A musical chameleon of sorts, Leon Bridges is back in 2021 with a new sound that still fully embraces the genuine strength of his vocal, while also leaning into his gradual progression into RnB. Here on Gold-Diggers Sound, Bridges has well and truly done away with the 1960’s soul sound he first burst out with on 2015’s Coming Home, while still allowing for elements of 2018’s Good Thing to seep through. At 10 tracks in length (plus a short instrumental), the Texas artist has managed to piece together a wealth of tracks that show little resemblance of who the artist once was, while mostly telegraphing where he is likely headed over coming years and releases.
The biggest takeaway from Gold-Diggers Sound is the uniformity of the sound and clarity in the message Bridges is trying to create on the album. While trying to not have a pigeonholed sound, his second album Good Thing was caught between the sound Bridges had become known for and the sound he wanted to achieve.
Here on Gold-Diggers Sound, Bridges’ final form has been achieved. All swing and soul has been removed and replaced with a delicate, slinky and smooth RnB groove.
An honest and insightful look into what not only makes Bridges tick, but also what makes him whole, Gold-Diggers Sound lays open a view into an artist who at times has struggled with the stardom he’s achieved over the past six years. Album-opener “Born Again” opens with one minute of vocals from Bridges backed by woozy keys, before the added instrumentation of drums and a mixture of brass and woodwind take the song down another path and completely opens it up.
The sex-driven “Motorbike” is a real highlight, as you’re reminded once more of the absolute strength and quality in Bridges’ voice. As controlled as it is forceful, the delicate guitar picks from the bridge onwards is the key to making “Motorbike” work. Followed up by the unassuming groover “Steam”, this will definitely be a live favourite, with the breadth of the song likely to transfer incredibly well to venues. The addition of sleek backing vocals is the bow on top of the “Steam” present.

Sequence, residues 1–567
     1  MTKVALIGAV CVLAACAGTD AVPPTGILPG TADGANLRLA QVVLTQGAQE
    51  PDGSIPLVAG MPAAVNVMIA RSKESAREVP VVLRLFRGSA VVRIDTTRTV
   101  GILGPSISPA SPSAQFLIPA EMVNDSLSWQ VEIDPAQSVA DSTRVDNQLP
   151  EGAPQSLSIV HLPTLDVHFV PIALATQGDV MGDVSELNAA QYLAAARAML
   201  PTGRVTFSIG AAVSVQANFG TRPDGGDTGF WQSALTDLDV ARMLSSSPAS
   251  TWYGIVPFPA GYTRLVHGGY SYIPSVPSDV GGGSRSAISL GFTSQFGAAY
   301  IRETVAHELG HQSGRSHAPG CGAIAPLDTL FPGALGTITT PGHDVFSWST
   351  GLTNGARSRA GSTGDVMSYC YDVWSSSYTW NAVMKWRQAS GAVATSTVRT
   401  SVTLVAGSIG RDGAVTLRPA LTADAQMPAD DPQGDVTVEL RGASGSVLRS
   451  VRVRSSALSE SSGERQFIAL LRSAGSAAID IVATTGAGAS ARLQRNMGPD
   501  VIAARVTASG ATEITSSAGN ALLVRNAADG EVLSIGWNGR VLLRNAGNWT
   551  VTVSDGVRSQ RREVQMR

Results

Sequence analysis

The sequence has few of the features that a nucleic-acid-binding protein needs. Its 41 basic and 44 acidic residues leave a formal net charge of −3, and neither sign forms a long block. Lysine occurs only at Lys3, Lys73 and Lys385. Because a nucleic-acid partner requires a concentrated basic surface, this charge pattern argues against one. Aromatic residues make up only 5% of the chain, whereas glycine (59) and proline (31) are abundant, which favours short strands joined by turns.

In between albums two and three, Bridges has collaborated with the funk and dub act Khruangbin; a musical relationship that has without doubt inspired and informed the musical stylings on Gold-Diggers Sound. Tracks like “Why Don’t You Touch Me”, “Details” and “Sho Nuff” lean right into the collective stylings of Khruangbin while also embracing the new sounds Bridges has incorporated into his new sound. They’re all smooth and sultry and laced with the genuine steeze you’ve come to expect from the lords of RnB.
If there is one negative to Gold-Diggers Sound there is at times an indecipherable ability to differentiate between songs. While none of them are inherently poor songs, the album does lack musical variety across its run, which after a while means some of the tracks do end up sounding the same. This aside, Gold-Diggers Sound does reach another blissful height with the longest of tracks in the form of “Don’t Worry ft. Ink”. If you’re going to listen to one song on the album please let it be “Don’t Worry”. Unbelievably well layered, it encapsulates everything great about the album, while not overplaying its elements whatsoever.
The overwhelming sentiment of Gold-Diggers Sound is that it is a leap forward for Leon Bridges. Gone are the days of being an artist throwing back to 60+ years ago. Bridges is now becoming more comfortable in what he wants to be as an artist and person, and Gold-Diggers Sound goes some way into achieving this.